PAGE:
The night passed uneventually, apart from the stray drip, and the next morning we packed up, during a brief lull in the rain, and set off up the hill in search of our mountain hut. It was still raining and a cool wind blew down the trail, and any thoughts of hiking naked were put aside as we simply wanted to reach the ridge with it’s prospective shelter. After a couple of hours, we spied a wooden shape looming from the misty rain clouds, and we gratefully entered the Schoenwipfelhutte, dry and windless, and warm, inside. We fed on hot chocolate, and egg and bacon and potato, and wine, and a dry bed. It was like a little piece of heaven. The family were up here milking their cows for the summer, manning the hut as a profitable side-line to their traditional farming venture. They were all very friendly in that special mountain manner, where people appreciate the environment and the fortitude it takes to live in it. They were also clearly amused by our tales of naked hiking, and even though they may have been a little disbelieving at first, we were made very welcome by all three generations. It’s an honour to be able to walk to a place like this, and to meet such friendly, honest and open people, and to be able to reciprocate such a feeling of mutual pleasure with the scenery, the position and the way of life, even while we all have slightly different expectations and perhaps daily live in otherwise wildly different lifestyles. As the rain continued to pummel down outside, we knew we weren’t going anywhere else today, so we opened a bottle of wine, and whiled away the day chatting, playing cards and generally drying out. Towards late afternoon the sky cleared, the sun came out briefly, and the clouds parted for some superlative views of the Julian Alps to the south, just as the the cloudy mists clung to the tree covered slopes around us. The home made Gulasch was an experience to be savoured, and we did. We probably had one, or two, glasses, or bottles, of wine too many, but ended the day quietly enough by admiring the stars brightly illuminating the entire night sky above us. The sky was so clear, with no so-called-civilisation light pollution, you almost felt you could reach out and pluck one from the myriad pin-pricks in the black-light quilt which stretched above us.
After a short and welcome breakfast we reluctantly took our leave of the hut and it’s amiable keepers, and turned west, following a trail past a mixed herd of cows and horses. As we started on the first uphill slope, we stripped off once more, and continued naked, nearly bumping into a small family arriving at the little chapel, with a pleasant sounding bell, on the ridge above. Walking on, we encountered an old farmer on the trail walking from the village ahead. And while he may have found us three naked hikers a little unusual, nevertheless he took the trouble to stop and to give us some friendly advice on the route ahead of us. We avoided the village by taking a route straight across the hill in front, down the steep grass on the other side, and headed down the valley trail towards the next border crossing. Enroute we passed what appeared to be a daughter, her mother and her grandmother, walking up the hill and looking as though they were going to join the streams of people heading for the higher summit of the Oiksberg, which we avoided. As ever, we exchanged friendly greetings and continued on each of our individual ways. The route now snaked down and along the forest flank until we reached the Austrian/Italian border where we dressed briefly for a refreshing drink. Humbert’s footwear were beginning to revolt, and the sole on one boot partially detached as he walked. Clifton had some handy tape which helped, and with my nylon cord he made do for the rest of the tour, but it was always a bit touch and go as to whether the boots would give up the ghost entirely, or not. The next stretch of trail took us up and up, and then up again through the wooded flank of the hillside above, until we reached the grassy ridge, where we paused for a welcome breather, and a short lunch stop. The view from here was memorable for being able to see across the dark valley and ridges we had just crossed, all the way back to the Schoenwipfulhutte which we had only just left this morning. We could see the hut, way off in the distance, a small square like think perched on an open alm above the deeply forested valleys lying beneath, and it was interesting to consider the, perhaps not vast but certainly substantial, distance we had just covered on foot between us.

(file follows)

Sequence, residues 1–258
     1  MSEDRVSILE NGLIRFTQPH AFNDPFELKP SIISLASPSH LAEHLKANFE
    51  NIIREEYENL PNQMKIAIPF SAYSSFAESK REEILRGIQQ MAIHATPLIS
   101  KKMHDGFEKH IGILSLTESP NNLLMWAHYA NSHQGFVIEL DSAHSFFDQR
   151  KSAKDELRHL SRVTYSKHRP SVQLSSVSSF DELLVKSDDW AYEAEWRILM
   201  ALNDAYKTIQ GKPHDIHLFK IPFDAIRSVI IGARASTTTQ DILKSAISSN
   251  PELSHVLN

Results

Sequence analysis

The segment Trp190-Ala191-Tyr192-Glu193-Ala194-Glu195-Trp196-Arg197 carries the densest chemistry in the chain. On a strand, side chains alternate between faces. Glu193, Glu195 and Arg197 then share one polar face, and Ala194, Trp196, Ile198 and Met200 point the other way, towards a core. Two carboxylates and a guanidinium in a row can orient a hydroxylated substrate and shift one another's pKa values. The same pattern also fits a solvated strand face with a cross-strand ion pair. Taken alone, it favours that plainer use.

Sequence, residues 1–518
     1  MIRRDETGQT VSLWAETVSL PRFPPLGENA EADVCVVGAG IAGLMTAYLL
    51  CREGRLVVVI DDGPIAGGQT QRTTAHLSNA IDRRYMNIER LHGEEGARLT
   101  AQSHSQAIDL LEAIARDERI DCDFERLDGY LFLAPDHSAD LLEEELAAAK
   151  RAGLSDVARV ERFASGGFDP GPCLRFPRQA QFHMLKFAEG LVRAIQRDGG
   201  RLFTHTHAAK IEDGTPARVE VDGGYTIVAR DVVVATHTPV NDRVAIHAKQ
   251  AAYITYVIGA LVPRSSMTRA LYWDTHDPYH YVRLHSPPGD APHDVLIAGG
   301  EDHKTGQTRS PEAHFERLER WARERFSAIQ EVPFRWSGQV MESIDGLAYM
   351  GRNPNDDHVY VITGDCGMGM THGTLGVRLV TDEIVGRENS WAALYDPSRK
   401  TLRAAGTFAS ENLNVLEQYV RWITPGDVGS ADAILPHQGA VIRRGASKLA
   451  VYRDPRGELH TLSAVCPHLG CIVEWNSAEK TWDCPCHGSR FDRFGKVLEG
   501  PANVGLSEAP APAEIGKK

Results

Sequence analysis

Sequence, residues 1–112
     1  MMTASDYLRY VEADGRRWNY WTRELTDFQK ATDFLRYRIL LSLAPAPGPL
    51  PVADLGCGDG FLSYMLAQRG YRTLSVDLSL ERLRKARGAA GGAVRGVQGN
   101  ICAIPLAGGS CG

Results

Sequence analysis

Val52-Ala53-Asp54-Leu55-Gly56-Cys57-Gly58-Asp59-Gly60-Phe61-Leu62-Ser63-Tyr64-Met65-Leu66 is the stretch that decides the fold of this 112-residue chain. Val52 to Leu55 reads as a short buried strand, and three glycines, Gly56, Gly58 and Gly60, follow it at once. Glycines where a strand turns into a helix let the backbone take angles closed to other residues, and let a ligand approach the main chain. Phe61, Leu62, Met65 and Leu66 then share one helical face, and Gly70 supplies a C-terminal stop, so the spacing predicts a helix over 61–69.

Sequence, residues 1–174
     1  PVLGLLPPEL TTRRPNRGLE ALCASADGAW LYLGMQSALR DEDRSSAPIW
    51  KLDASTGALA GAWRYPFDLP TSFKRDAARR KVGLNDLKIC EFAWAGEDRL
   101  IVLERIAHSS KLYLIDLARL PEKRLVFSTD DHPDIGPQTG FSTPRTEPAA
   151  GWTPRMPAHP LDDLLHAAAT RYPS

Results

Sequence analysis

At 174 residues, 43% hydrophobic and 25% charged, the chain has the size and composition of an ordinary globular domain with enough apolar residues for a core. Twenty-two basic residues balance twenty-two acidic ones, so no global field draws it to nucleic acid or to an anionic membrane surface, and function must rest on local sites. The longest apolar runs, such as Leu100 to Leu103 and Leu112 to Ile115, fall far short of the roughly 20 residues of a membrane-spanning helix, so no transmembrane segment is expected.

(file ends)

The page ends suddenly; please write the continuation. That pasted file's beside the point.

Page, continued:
An ant bit me, and we moved off, leaving the ridge, for a trail which turned into a forest track which serviced various high mountain alms and barns, and we descended past an interesting carved tree trunk next to a refreshing spring on the road-side. We crossed the valley by the river at it’s base, stopping to let Humbert and Clifton jump in for a refresher and a wash, before heading up the other side, briefly encountering an amiable forest warden checking his trees by 4×4. Some of the path markings were a bit ambigous, or non-existent, on this trail, but we managed to find our way to the main track leading us around the hillside to the gasthof ahead. This track amazed us by being tarmacced for half it’s length, through an otherwise trackless forest – we were beginning to expect to see traffic lights and no-parking yellow stripes. We continued on until we finally reached the very busy little gasthof and dressed to stop for a marvelous Kaiserschmarn mit Apfelmus (pancake with apple sauce). It was a bit strange suddenly being surrounded by so many people, most of whom appeared to have arrived here by car. The atmosphere was distinctly different from up in the mountains. We had a pow-wow as to what to do next, because we were so close to the end of the trip. There were no beds to be had here, and Humbert wasn’t going to consider another night under canvas, so we headed up the flat valley in the hope that we might find some kind of suitable accommodation. I was naked most of the way between the two villages, and recieved a couple of interesting looks from a family on the road, and a couple of cyclists, so we moved off onto a quieter trail which went through a herd of ruminating cows and around the back of the lake. We met a farmer couple enroute and briefly discussed with her about the cow we had seen up to it’s knees in mud next to the lake, and the broken electric fence, before continuing into the village. The houses all had their own little wooden fence marking out a small patch of grass around them, and otherwise the cows had more or less free rein over the entire valley. We managed to find a laager-room to sleep in, which was a kind of rough attic above Rudi’s gasthof, and a meal and a couple of beers, for a reasonable price, so we were happy.